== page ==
This is an issue that's really been bothering me. I live in Los Angeles. Sometimes I enjoy running errands on my bike rather than taking the car; it keeps me in better shape, and saves a little gas. But there's a problem; this is not the safest city for locking up a bike. Many stores have pan-handlers, bums, crack-addicts, and unlicensed day-labor workers sitting outside with lots of time on their hands, and not much change in their pockets. I'm not going to say all these people are dishonest, but it's safe to say a few of them are desperate or uninhibited enough to do just about anything.
I try to avoid the issue of locking up by walking my bike carefully and calmly into a business with the hope that they won't mind. Some places are positively welcoming to me. Other places seem to pay no attention to me, which is also fine. But occasionally I'll come across a place where some eager security guard or front-counter attendant invents an unwritten policy against someone walking their bike into the store. "Sir, you can't have that in here."
Recently I was in a hardware store. I talked to half a dozen workers there, asking questions, shopping. Everyone was friendly and helpful. When I finally went to the front counter to pay, the girl told me I couldn't have the bike in there, and that I had to take it outside.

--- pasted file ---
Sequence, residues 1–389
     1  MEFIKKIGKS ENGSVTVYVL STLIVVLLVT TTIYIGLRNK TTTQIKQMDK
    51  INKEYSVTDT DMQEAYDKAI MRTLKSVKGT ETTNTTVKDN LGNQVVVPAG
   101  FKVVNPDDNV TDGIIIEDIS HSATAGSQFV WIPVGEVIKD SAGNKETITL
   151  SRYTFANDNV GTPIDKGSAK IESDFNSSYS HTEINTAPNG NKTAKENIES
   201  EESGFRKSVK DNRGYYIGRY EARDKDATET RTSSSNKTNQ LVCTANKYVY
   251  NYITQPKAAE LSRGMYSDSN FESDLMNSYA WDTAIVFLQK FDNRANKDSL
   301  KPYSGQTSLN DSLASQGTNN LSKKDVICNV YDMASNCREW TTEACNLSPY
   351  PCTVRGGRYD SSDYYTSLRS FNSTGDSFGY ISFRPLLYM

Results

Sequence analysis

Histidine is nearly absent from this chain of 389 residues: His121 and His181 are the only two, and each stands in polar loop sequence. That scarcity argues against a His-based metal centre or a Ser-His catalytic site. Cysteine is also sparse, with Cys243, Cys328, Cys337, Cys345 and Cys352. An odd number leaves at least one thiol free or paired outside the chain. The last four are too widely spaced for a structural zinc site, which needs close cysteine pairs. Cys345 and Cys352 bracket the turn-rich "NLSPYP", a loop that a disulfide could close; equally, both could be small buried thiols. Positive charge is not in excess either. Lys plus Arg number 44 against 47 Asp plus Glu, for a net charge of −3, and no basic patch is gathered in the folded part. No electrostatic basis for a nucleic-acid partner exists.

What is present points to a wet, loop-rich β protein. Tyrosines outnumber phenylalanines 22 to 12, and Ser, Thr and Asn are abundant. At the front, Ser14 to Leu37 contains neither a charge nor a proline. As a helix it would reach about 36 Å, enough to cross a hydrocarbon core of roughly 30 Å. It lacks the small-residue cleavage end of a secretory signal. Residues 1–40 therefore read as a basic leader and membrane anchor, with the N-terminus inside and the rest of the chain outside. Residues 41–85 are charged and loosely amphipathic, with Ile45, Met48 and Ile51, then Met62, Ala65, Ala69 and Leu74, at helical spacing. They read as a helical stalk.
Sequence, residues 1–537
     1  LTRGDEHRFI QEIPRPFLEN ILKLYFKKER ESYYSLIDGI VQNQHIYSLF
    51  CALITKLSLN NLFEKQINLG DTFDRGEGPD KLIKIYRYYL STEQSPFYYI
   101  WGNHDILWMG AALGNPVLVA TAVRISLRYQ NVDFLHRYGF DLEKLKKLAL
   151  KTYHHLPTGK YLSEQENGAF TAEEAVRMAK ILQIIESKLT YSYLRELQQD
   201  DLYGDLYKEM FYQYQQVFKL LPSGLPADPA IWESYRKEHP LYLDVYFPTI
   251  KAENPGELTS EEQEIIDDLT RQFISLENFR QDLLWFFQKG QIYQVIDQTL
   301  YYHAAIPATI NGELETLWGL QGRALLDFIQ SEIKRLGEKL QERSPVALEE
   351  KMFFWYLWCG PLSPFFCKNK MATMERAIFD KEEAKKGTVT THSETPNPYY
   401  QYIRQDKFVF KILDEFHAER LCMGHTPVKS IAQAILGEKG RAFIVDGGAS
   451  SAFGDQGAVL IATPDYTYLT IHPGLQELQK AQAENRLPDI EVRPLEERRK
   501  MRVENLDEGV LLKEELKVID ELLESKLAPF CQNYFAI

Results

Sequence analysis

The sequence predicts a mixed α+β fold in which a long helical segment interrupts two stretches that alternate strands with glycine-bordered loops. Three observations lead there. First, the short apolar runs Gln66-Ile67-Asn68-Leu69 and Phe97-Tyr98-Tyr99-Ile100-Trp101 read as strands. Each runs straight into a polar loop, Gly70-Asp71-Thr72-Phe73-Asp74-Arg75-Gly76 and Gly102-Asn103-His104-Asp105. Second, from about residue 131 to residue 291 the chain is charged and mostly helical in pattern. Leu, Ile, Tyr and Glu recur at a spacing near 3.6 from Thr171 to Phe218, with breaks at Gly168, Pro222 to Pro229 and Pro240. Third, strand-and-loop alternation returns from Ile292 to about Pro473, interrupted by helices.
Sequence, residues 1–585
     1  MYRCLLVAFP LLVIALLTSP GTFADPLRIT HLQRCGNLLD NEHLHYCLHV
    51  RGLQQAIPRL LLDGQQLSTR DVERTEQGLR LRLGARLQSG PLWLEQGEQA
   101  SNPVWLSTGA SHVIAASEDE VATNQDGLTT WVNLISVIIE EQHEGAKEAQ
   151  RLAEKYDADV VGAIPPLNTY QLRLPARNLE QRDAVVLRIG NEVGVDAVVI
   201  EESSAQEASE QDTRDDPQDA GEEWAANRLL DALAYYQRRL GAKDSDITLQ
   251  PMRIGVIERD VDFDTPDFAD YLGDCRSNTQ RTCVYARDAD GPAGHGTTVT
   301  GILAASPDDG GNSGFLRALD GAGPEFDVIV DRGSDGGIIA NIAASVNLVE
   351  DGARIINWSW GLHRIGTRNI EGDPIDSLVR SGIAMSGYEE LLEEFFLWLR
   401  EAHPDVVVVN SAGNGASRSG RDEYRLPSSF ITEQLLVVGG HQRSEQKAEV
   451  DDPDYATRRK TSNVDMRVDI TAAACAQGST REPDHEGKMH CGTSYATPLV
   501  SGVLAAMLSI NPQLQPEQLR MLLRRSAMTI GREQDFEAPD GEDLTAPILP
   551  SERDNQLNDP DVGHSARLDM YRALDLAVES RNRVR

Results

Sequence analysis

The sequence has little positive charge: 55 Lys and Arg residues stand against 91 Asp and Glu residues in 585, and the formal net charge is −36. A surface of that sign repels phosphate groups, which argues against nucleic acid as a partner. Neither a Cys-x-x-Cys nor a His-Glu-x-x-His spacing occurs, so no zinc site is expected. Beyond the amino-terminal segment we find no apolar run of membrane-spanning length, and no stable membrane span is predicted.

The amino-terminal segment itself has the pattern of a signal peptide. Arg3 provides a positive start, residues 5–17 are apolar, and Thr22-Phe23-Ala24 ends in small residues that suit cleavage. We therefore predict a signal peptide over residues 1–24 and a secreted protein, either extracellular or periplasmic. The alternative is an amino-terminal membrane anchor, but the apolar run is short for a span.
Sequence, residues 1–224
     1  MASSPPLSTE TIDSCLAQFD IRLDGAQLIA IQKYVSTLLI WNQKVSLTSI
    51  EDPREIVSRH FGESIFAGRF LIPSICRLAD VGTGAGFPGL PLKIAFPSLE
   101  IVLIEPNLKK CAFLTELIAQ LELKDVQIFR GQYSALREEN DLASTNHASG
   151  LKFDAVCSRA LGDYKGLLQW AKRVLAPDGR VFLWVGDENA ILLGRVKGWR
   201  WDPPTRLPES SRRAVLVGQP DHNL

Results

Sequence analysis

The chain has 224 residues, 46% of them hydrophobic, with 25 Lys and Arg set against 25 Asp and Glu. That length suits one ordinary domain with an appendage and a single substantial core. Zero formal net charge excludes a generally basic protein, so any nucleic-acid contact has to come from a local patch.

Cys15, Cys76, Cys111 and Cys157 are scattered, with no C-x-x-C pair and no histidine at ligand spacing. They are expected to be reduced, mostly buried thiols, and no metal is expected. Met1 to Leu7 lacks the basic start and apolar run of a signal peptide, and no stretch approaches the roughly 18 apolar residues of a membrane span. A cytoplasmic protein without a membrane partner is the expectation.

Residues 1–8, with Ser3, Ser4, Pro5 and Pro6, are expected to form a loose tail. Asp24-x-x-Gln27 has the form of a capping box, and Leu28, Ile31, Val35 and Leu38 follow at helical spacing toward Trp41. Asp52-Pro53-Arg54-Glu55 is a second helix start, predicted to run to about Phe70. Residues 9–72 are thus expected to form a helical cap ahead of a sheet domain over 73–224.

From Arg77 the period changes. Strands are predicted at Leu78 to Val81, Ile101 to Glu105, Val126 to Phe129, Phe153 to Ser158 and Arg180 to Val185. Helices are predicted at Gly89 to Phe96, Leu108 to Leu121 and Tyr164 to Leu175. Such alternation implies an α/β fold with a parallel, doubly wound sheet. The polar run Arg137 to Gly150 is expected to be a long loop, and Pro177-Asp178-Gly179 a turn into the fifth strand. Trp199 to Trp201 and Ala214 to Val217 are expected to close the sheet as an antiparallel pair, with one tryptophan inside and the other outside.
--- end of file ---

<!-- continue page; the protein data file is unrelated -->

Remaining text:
On another occasion I was in a large grocery store. I've walked the bike through this place four or five times before. This time a security guard told me I had to leave the bike outside. Not wanting to cause trouble, I just left. There were too many street people sitting outside for me to feel good about locking up.
In each of these cases, there was either no rack on premises, or the rack was in an area where nobody inside the store could see it; no security, no cameras, and not near enough the entrance of the store for shoppers to be passing by as they come and go.
Even if I were to lock up with a U-lock, someone could still steal my seat and post, my pedals, cycle computer, wedge pack (co2, tools, etc.). I imagine a dérailleur could even be pawnable for enough money to buy a hit of crack.
As I wander around stores, I notice people pushing strollers, shopping carts, personal hand-truck style shopping baskets, riding Little Rascals, and of course wheelchairs. Is a well-maintained and clean bike really any more of a threat to the store's ability to transact business peacefully than any of these other devices?
How do we go about improving business' tolerance for bikers?